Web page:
The rest of the meals have actual recipes, either from one of my cookbooks, or the internet.  The three home-made hamburger helper recipes on this particular menu are from a website called Chickens in the Road.  I’ve scanned the pages for those meals, and they’re at the bottom of this post.  That covers Cheesy Italian shells, Beef Stroganoff, and Cheeseburger Macaroni.

Meal in One Potatoes and the meatloaf came from a book called Once a Month Cooking.  I've scanned those pages and included them here, as well.  Lemon-Garlic chicken, Golden-Onion Baked porkchops, and Skillet Chicken Parmesan are all from a book called Back of the Box Cooking.  Those pages are also included in this post.  Honey-Mustard Glazed porkchops is from Good For You Cooking.

Chicken Alfredo Rollups and No Boil Baked Penne are recipes i found on Pinterest.  Click their names for links to the recipes.  Mozart Mozarella and King Ranch Chicken are from  The only difference in my recipes is that i use canned chicken for the king ranch chicken, because it's easier for me to store than buying a whole chicken or even extra chicken breasts.  and i don't use mushrooms.

So here are all the pages of recipes, plus the printout for the 5 weeks of meals.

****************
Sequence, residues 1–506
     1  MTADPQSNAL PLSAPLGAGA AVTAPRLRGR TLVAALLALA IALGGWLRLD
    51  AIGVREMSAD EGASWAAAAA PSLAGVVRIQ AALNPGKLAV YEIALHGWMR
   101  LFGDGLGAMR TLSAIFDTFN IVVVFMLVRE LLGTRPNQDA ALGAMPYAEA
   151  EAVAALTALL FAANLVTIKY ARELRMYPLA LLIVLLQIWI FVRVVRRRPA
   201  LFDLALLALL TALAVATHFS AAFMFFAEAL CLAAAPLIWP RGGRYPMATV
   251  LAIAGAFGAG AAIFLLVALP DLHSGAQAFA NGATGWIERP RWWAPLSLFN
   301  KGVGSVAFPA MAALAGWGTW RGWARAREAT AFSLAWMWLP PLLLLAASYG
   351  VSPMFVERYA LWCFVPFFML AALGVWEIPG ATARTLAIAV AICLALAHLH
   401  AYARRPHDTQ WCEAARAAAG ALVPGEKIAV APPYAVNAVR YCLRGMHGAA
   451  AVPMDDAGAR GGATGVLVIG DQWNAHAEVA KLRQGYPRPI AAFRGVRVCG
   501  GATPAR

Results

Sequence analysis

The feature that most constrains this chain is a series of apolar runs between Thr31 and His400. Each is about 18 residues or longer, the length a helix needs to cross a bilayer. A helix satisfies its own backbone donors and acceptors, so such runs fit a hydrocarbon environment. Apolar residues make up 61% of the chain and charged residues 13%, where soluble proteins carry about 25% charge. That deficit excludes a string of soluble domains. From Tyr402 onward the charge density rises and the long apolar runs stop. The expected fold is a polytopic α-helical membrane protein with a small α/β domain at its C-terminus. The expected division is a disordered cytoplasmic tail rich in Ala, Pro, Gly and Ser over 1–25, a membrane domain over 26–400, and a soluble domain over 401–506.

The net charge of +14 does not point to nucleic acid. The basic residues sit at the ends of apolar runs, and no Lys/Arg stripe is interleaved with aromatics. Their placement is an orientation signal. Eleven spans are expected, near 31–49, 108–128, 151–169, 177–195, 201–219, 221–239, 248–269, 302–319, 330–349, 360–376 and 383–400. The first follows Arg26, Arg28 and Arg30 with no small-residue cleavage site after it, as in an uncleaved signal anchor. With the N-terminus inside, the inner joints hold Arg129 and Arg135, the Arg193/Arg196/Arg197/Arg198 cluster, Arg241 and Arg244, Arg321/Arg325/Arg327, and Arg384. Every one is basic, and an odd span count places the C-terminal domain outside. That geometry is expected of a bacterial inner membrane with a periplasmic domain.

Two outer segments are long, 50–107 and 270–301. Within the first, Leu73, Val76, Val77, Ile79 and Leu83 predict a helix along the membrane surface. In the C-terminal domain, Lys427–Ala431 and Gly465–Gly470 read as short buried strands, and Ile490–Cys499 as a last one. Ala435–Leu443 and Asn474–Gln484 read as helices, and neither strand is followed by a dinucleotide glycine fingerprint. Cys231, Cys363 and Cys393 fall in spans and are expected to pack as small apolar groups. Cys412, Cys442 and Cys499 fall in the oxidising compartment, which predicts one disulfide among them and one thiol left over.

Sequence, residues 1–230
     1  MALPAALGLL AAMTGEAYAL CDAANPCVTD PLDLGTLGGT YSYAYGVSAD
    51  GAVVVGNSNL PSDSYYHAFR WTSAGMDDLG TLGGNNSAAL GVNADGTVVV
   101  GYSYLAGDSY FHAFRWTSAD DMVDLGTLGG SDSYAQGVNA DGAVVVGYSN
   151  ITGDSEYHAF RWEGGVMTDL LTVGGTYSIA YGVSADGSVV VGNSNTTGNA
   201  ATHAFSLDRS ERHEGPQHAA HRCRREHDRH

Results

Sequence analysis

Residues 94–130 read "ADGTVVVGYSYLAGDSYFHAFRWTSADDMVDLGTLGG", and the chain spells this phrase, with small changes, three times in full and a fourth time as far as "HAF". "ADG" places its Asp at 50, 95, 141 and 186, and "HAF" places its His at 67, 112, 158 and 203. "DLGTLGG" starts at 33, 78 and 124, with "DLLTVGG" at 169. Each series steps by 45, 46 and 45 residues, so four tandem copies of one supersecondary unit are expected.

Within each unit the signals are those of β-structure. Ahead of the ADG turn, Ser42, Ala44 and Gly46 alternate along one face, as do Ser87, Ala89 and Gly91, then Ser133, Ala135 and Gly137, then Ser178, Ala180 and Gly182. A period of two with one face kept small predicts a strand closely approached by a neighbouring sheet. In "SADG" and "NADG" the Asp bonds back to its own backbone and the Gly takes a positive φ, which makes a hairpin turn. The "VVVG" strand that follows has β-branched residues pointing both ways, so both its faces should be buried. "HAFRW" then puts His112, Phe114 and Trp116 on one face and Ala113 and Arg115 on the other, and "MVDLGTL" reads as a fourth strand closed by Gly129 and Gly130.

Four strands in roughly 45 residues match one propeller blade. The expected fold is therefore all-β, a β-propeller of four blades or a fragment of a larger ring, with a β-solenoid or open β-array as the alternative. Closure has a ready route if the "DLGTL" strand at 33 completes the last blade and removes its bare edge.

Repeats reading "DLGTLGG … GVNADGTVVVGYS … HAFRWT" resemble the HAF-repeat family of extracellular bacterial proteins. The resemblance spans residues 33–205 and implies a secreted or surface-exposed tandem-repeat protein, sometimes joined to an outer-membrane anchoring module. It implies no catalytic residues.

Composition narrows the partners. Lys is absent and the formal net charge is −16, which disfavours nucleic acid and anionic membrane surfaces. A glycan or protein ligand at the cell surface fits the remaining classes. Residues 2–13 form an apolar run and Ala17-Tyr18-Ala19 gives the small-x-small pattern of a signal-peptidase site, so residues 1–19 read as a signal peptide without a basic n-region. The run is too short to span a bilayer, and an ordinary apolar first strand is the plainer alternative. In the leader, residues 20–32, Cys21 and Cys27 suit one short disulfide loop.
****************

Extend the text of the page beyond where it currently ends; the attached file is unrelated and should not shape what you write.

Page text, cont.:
Saturday, February 4, 2012

A failure and a pizza maker...

Okay, so here’s what happened… (insert believable story here)
Alright, alright, no excuses.  I missed yesterday’s post.  To be honest, I had half of it written, and expected to write the other half last night after using the quesadilla maker, but the hubs threw me off my game by wanting to go out to dinner instead (some bbq place in town had all you can eat ribs).
Since I missed last week’s Fricassee Friday post (no, there is no trend starting here), I had decided to use and review two of my handy-dandy kitchen gadgets this week instead of just one.  But so far, I’ve only been able to use one.  I’ll try to use the quesadilla maker tonight, so I can submit a second kitchen post later this weekend.  Promise.
I’ll be showing you my Pizazz pizza cooker in this post, and my new quesadilla maker in the next.  You might be saying to yourself, “self, why would I need a pizza cooker and a quesadilla maker?  I can make pizzas in the oven, and quesadillas in a pan on the stove.”  And you’d be right (even if it’s weird that you talk to yourself).  I used to do both of those things.  Have for years.  But folks, there’s a better way (do I sound like one of those tv pitchmen yet?).